Every year, the first week of November is a time to celebrate the 7 million allied health professionals in the health industry. This year, during National Allied Health Professions Week, the world commemorates the role allied health professionals continue to play in assisting other health care providers and citizens in combating the COVID-19 pandemic and support day-to-day health and wellness.
What are Allied Health Professions?
Allied health professionals provide diagnostic evaluation, rehabilitation services, disease treatment, and management in the healthcare industry. These professionals work alongside nurses, dentists, and pharmacists in providing medical care to patients. Allied health professionals can also work independently, offering special services in nutrition, health education, or dental health.
What Does an Allied Health Professional Do?
Allied health professionals comprise 60 percent of the workforce in the medical field. They primarily support the well-being and health of patients, working in hospital-based or home-based environments. Some common allied careers include:
- Medical assistant
- Pharmacy technician
- Medical billing and coder
- Nursing aide
- Dental hygienists
- Diagnostic sonographers
- Medical technologists
- Physical and respiratory therapists
- Speech-language pathologists
Is a Career in an Allied Health Profession a Good Option?
Healthcare is 18 percent of the U.S. economy, twice as high as in other countries. And, the number of allied health professionals rose steadily from 15.6 million in 2010 to 19.8 million in 2020. Allied health workers, often referred to as technologists or technicians, represent a significant proportion of medical practitioners globally, and this week is an opportunity to celebrate their achievements and contributions to the industry.
Bianca Lopez recently graduated as a medical assistant from SCI’s Austin campus. SCI gave her an extraordinary opportunity to study as an allied professional while still working in her full-time job. Now Bianca is currently playing a critical role in COVID-19 screening.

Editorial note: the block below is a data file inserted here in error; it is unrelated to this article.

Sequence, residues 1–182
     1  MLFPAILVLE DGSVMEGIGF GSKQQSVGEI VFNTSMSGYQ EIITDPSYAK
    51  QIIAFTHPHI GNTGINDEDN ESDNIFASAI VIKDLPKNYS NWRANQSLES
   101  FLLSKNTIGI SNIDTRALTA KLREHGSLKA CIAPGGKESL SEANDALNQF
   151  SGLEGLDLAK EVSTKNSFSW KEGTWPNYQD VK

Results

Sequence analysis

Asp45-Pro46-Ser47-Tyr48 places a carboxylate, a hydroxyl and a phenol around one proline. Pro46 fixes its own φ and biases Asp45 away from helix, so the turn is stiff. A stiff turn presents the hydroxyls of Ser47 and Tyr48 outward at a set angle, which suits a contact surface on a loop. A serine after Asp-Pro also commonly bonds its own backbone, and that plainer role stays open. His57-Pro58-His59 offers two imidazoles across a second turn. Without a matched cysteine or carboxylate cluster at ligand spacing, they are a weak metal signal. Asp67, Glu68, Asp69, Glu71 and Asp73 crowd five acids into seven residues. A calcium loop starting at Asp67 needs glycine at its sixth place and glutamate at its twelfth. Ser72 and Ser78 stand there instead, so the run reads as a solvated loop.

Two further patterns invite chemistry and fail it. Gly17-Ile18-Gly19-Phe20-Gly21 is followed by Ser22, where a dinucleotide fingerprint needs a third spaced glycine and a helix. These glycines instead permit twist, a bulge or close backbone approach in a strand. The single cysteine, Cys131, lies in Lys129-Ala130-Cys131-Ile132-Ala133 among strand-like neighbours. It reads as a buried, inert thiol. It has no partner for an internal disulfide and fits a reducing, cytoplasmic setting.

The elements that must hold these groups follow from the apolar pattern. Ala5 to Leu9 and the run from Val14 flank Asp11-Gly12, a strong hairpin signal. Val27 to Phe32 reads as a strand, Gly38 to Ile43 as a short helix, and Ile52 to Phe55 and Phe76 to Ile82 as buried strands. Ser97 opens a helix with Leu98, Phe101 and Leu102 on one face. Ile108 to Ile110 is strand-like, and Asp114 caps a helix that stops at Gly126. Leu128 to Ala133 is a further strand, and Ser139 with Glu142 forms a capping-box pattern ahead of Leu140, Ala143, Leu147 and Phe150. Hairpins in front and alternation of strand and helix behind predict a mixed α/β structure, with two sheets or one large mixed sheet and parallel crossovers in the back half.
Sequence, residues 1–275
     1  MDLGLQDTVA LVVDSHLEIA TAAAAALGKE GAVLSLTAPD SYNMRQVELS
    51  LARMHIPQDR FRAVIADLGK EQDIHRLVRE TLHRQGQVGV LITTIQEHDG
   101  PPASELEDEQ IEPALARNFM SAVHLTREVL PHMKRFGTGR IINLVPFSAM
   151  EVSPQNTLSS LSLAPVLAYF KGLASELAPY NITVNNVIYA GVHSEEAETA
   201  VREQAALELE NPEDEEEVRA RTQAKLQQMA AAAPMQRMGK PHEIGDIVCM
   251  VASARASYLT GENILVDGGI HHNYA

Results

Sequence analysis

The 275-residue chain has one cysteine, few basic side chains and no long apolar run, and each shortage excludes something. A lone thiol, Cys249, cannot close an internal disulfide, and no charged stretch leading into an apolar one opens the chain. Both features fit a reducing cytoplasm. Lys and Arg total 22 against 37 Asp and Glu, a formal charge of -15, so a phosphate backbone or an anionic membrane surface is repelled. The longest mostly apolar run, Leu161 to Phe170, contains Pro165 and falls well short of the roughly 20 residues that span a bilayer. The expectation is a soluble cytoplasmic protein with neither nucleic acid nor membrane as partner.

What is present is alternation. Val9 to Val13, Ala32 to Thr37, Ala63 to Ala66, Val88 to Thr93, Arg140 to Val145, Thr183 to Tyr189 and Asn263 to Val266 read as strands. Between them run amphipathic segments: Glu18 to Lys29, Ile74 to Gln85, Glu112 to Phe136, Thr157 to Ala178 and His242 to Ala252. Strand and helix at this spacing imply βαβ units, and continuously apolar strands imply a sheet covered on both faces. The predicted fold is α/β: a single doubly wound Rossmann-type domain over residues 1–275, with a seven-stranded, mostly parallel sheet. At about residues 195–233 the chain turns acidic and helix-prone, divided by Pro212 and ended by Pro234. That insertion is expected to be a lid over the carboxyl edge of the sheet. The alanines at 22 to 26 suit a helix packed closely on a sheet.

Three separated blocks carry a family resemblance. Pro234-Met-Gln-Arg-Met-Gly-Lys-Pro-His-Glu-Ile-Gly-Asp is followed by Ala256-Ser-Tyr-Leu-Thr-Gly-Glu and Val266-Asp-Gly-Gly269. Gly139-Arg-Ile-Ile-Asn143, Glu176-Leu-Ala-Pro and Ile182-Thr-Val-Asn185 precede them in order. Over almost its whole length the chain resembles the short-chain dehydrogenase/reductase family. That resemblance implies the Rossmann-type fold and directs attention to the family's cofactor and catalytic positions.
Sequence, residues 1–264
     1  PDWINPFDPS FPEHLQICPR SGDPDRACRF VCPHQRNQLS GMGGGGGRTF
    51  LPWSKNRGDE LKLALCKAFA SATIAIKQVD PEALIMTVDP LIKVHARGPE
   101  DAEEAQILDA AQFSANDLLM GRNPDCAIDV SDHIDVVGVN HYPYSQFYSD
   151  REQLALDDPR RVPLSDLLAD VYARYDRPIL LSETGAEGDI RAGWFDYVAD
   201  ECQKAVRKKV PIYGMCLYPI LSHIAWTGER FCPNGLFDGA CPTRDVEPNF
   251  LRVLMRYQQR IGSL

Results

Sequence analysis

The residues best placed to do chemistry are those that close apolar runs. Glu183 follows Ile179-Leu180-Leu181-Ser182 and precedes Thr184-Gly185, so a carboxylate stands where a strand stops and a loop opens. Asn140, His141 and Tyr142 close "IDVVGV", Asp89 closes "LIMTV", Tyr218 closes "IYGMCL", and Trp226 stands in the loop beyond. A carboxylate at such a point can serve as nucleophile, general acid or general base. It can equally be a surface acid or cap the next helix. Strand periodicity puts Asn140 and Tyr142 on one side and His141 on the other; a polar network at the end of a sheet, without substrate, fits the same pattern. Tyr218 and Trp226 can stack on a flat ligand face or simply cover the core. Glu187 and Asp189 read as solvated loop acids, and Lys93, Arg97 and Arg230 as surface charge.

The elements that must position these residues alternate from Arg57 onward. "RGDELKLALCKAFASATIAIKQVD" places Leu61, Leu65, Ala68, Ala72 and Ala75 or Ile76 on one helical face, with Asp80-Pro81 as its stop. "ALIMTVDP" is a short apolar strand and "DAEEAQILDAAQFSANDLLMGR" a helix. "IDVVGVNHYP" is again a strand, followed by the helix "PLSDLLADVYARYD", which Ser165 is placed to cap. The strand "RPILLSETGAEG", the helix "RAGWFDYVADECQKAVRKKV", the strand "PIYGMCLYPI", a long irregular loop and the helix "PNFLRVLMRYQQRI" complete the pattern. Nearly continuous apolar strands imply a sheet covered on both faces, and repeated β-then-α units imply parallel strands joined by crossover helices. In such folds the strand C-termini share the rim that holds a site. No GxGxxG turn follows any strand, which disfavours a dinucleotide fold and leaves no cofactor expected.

“SCI gave me the flexibility to do something greater for the health and well-being of my community while enabling me to balance my personal life. Being paid to do something you love? I consider that to be a success.”
The Job Opportunities are Diverse
Job opportunities in allied healthcare expand every year, and the trend will continue even in the future. For those who have suffered a layoff due to the ongoing COVID-19 pandemic, choosing a career as an allied health professional can equip you with extraordinary knowledge to work in the medical field.
The Training Programs are Flexible
Allied healthcare training takes an average of months to two years. Allied health careers are flexible and accommodate people already working in the medical field or other fields. After completing the training, you will be prepared for careers in hospitals, homes, or private practice and understand the practical and hands-on medical techniques used to advance medical knowledge.
Due to the recent COVID-19 pandemic and the general need for healthcare professionals, the healthcare industry requires more skilled health workers. The sector is undeniably one of the fastest-growing industries globally. Training in allied health careers enables professionals to select from innumerable medical career paths, joining a diverse and exciting industry.
Southern Careers Institute Grads with Allied Health Careers
Southern Careers Institute (SCI) offers several allied health programs including medical office specialists, nurse aides, medical billing and coding, and pharmacy technician programs. The institute, established in 1960, is at the forefront in offering training in allied health careers. In fact, SCI prepares graduates to take more than 20 nationally recognized certification exams in the medical field.
This article was published on: 11/4/20 11:46 AM